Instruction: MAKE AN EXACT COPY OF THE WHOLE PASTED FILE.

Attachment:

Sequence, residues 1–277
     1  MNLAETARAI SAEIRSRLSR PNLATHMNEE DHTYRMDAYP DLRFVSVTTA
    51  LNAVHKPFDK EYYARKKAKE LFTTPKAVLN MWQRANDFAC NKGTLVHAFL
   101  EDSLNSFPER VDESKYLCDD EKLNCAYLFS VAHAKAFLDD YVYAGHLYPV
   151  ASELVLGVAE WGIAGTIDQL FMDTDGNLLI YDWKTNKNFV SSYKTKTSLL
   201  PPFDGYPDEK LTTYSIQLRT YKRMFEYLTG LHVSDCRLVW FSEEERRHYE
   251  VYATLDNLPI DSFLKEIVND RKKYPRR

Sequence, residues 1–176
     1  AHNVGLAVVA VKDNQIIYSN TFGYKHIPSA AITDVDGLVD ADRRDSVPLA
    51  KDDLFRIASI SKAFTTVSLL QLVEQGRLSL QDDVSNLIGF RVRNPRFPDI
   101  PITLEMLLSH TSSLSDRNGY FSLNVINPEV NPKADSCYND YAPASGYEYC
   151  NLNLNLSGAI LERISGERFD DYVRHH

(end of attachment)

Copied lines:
Sequence, residues 1–277
     1  MNLAETARAI SAEIRSRLSR PNLATHMNEE DHTYRMDAYP DLRFVSVTTA
    51  LNAVHKPFDK EYYARKKAKE LFTTPKAVLN MWQRANDFAC NKGTLVHAFL
   101  EDSLNSFPER VDESKYLCDD EKLNCAYLFS VAHAKAFLDD YVYAGHLYPV
   151  ASELVLGVAE WGIAGTIDQL FMDTDGNLLI YDWKTNKNFV SSYKTKTSLL
   201  PPFDGYPDEK LTTYSIQLRT YKRMFEYLTG LHVSDCRLVW FSEEERRHYE
   251  VYATLDNLPI DSFLKEIVND RKKYPRR

Sequence, residues 1–176
     1  AHNVGLAVVA VKDNQIIYSN TFGYKHIPSA AITDVDGLVD ADRRDSVPLA
    51  KDDLFRIASI SKAFTTVSLL QLVEQGRLSL QDDVSNLIGF RVRNPRFPDI
   101  PITLEMLLSH TSSLSDRNGY FSLNVINPEV NPKADSCYND YAPASGYEYC
   151  NLNLNLSGAI LERISGERFD DYVRHH